Our main objective was to provide evidence-based guidelines to protect biodiversity and ecosystem services in managed burned forests. The process followed to this aim could be used as a more general model to connect research and practitioners in areas of natural resource management. The next sections of the paper will therefore: (1) discuss the evidence of the impact of post-fire salvage logging on Mediterranean ecosystems; (2) synthesize the process used to connect scientist and practitioners; (3) present recommendations for post-fire forest planning and management at the landscape scale and (4) at the stand level; (5) point out the need of experimental studies comparing the effects of conventional salvage logging, sustainable practices and non-intervention; (6) comment on future improvements in the management of burned forests, and (7) explore some ideas as a conclusion.

  Evidence of the ecological impact of post-fire salvage logging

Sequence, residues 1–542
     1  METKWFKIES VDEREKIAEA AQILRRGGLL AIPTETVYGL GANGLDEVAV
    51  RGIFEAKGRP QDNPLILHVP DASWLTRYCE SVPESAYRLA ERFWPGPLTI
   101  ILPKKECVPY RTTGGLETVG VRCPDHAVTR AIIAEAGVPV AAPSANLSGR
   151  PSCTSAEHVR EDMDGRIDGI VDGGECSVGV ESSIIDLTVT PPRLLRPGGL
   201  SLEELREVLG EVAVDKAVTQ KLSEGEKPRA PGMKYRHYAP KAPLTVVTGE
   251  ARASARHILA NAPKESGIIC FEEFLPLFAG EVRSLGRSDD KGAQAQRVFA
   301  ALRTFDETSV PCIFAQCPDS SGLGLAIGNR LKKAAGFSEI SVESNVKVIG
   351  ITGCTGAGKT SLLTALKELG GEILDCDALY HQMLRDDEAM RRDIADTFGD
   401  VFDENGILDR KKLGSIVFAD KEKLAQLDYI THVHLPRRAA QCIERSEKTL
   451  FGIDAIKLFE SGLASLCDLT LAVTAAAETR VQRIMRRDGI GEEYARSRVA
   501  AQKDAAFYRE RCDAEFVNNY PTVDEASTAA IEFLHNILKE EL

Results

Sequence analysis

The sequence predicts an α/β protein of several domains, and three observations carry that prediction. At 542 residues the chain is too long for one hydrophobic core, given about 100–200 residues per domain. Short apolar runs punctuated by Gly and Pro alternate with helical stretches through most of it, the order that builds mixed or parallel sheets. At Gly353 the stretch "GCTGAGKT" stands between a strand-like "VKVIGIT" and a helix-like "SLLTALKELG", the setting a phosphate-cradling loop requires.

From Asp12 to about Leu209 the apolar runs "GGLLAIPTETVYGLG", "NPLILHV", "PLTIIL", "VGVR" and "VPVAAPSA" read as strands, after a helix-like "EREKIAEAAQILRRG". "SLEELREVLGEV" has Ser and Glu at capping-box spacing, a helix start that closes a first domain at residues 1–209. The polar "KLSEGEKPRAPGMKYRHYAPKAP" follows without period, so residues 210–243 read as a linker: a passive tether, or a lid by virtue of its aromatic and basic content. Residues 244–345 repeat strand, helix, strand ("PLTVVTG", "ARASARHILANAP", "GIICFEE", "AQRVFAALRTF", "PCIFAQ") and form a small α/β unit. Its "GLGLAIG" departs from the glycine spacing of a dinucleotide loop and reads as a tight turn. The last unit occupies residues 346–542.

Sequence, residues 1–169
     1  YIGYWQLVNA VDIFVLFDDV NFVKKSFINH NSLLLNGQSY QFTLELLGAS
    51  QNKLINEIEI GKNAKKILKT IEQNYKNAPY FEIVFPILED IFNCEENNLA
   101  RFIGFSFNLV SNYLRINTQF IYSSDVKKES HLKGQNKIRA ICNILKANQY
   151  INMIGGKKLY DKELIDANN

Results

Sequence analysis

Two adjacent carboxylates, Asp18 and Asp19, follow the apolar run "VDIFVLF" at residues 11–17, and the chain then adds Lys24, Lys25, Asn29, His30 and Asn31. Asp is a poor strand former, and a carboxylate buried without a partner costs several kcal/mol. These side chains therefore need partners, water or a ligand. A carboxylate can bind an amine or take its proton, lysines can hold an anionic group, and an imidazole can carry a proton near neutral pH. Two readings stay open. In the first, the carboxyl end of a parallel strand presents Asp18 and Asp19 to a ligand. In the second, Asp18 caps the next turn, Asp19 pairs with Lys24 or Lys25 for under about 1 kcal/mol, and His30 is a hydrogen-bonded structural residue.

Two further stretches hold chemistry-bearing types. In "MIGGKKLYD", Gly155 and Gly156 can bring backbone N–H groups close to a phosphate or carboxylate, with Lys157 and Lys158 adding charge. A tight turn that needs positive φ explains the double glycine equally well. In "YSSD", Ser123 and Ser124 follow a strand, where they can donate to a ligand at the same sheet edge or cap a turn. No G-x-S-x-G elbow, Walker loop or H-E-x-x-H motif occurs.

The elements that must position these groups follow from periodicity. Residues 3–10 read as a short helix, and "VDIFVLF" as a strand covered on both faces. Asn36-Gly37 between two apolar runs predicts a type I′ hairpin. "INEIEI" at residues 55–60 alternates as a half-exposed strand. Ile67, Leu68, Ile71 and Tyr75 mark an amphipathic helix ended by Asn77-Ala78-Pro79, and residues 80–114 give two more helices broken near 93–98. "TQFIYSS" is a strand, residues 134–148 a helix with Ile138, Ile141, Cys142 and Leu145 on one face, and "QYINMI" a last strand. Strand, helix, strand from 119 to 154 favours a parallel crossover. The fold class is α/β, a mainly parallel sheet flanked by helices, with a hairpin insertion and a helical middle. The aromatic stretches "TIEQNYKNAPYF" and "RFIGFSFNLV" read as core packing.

In recent years, scientific evidence has shown many ecological impacts of logging on burned forests. To compile and synthetize current knowledge, a search was carried out using different bibliographic sources, including Web of Science® (Clarivate Analytics), Google Scholar® and Google Search®. The search, conducted in winter-spring 2016, built the foundations of the handbook of best forestry practices explained in the following section. The search was updated in spring 2018 to prepare this paper. We used as search keywords combinations of the terms “fire”, “wildfire”, “postfire”, “post-fire", "salvage logging" and “management”. After filtering for references unrelated to the topic, we obtained 165 relevant publications, most of which deal with the ecological consequences of post-fire salvage logging, while others describe the effects of the fire itself. These include scientific papers, book chapters, books and technical reports. Ninety percent of them have been published since 2000. Many publications deal with the regeneration of vegetation and the response of biodiversity indicator groups, while others focus on soil, erosion, nutrients, ecosystem services and future fire risk.